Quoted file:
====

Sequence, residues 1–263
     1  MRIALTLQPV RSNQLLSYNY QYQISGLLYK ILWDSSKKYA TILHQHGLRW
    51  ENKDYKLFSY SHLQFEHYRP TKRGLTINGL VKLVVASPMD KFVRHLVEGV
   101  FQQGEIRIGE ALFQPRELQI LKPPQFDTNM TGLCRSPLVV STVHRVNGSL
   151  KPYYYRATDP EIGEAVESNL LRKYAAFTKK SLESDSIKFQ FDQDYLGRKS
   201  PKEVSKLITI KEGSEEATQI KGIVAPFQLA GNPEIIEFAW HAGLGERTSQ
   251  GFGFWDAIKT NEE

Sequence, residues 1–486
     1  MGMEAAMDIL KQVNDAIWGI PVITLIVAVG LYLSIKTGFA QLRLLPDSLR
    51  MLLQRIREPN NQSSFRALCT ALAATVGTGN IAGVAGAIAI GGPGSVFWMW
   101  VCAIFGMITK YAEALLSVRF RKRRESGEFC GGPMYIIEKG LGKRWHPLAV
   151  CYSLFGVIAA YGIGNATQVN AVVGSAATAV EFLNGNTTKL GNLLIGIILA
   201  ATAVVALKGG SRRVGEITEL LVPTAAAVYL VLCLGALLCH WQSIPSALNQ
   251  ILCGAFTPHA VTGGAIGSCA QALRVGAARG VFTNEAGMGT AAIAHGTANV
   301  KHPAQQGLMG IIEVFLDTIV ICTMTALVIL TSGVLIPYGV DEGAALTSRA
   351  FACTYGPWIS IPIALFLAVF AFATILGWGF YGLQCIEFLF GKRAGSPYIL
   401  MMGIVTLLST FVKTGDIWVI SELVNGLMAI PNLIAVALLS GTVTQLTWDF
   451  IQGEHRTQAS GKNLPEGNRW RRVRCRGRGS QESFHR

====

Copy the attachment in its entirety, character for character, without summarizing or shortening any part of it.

Sequence, residues 1–263
     1  MRIALTLQPV RSNQLLSYNY QYQISGLLYK ILWDSSKKYA TILHQHGLRW
    51  ENKDYKLFSY SHLQFEHYRP TKRGLTINGL VKLVVASPMD KFVRHLVEGV
   101  FQQGEIRIGE ALFQPRELQI LKPPQFDTNM TGLCRSPLVV STVHRVNGSL
   151  KPYYYRATDP EIGEAVESNL LRKYAAFTKK SLESDSIKFQ FDQDYLGRKS
   201  PKEVSKLITI KEGSEEATQI KGIVAPFQLA GNPEIIEFAW HAGLGERTSQ
   251  GFGFWDAIKT NEE

Sequence, residues 1–486
     1  MGMEAAMDIL KQVNDAIWGI PVITLIVAVG LYLSIKTGFA QLRLLPDSLR
    51  MLLQRIREPN NQSSFRALCT ALAATVGTGN IAGVAGAIAI GGPGSVFWMW
   101  VCAIFGMITK YAEALLSVRF RKRRESGEFC GGPMYIIEKG LGKRWHPLAV
   151  CYSLFGVIAA YGIGNATQVN AVVGSAATAV EFLNGNTTKL GNLLIGIILA
   201  ATAVVALKGG SRRVGEITEL LVPTAAAVYL VLCLGALLCH WQSIPSALNQ
   251  ILCGAFTPHA VTGGAIGSCA QALRVGAARG VFTNEAGMGT AAIAHGTANV
   301  KHPAQQGLMG IIEVFLDTIV ICTMTALVIL TSGVLIPYGV DEGAALTSRA
   351  FACTYGPWIS IPIALFLAVF AFATILGWGF YGLQCIEFLF GKRAGSPYIL
   401  MMGIVTLLST FVKTGDIWVI SELVNGLMAI PNLIAVALLS GTVTQLTWDF
   451  IQGEHRTQAS GKNLPEGNRW RRVRCRGRGS QESFHR